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Amanda Langer, Resident Artist

“The best thing about having my studio at Art Hub is the live feedback from an unexpected audience,” she explains, “it’s honest, unmoderated, and raw” in a way that formal art exhibitions don’t always allow for.

Amanda Langer is an artist based in Southern Wisconsin whose works explore and investigate the tensions between themes of conflict and harmony, as evidenced in her intricate and compelling mixed-media sculptures. After earning her Bachelor of Fine Arts from the University of Wisconsin Stevens Point in 2017 she has worked in ecological restoration, which she often finds as inspiration for creating as well as exhibiting her art. Amanda and I sat down for a conversation to talk about her experience here at Art Hub as one of our Resident Artists. “The best thing about having my studio at Art Hub is the live feedback from an unexpected audience,” she explains, “it’s honest, unmoderated, and raw” in a way that formal art exhibitions don’t always allow for.


Amanda works primarily in steel and natural fibers, such as cotton, linen and wool, marrying two distinct forms—metalsmithing with knitting and crochet—that are surprising in the ways they both complement and contrast each other. Inspired by textures and the haptic qualities of materials, Amanda admits that materials themselves are often the catalyst driving her creativity. She enjoys “discovering how fiber and metal can be transformed and combined in surprising ways in order to create visual metaphors that reflect journeys of trial and conflict, resolving to find harmony and ultimately create peace.” While she eschews aligning herself with any formal artistic tradition, Amanda’s art can still be described as Abstract Expressionist, using form to emphasize thematic tensions between notions of structure and flexibility, rigidity and fluidity, as well as concepts of masculinity and femininity, which inform her captivating pieces.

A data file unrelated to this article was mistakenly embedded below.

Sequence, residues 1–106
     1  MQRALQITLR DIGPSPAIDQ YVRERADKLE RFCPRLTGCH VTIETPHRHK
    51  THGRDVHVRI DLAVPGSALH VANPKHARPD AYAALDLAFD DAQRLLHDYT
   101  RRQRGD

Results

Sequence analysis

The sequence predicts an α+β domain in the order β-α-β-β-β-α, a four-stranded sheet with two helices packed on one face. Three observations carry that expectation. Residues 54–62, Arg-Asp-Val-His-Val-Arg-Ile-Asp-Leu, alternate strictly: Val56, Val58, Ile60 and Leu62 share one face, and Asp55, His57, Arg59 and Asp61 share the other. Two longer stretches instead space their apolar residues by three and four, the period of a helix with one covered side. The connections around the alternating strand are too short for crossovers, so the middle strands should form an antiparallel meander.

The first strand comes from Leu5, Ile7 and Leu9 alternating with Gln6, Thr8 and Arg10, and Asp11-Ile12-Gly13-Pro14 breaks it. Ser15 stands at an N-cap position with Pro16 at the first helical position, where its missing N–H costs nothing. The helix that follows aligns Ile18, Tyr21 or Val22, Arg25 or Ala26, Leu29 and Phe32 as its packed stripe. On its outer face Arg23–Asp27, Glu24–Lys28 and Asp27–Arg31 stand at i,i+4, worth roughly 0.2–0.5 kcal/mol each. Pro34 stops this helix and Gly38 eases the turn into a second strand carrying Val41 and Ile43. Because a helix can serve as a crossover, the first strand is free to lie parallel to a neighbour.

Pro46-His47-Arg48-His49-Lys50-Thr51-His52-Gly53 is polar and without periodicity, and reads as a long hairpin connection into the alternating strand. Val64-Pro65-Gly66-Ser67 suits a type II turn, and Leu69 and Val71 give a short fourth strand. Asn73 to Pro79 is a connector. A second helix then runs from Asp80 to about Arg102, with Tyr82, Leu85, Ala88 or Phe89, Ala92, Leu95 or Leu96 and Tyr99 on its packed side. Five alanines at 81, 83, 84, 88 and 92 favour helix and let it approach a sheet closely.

Working in her studio at Art Hub, Amanda loves the sense of community and “being around people who are encouraging, as well as people who enjoy and appreciate not just my own art but art in general.” Having a dedicated studio space,” she says, “pushes you to show up and have to do something with your time,” which as many artists know, is a common struggle. “Being a part of building this diverse community of artists, especially in this part of Wisconsin,” she adds, while putting the finishing touches on one of her steel and fiber wall hangings, “it feels magical.”




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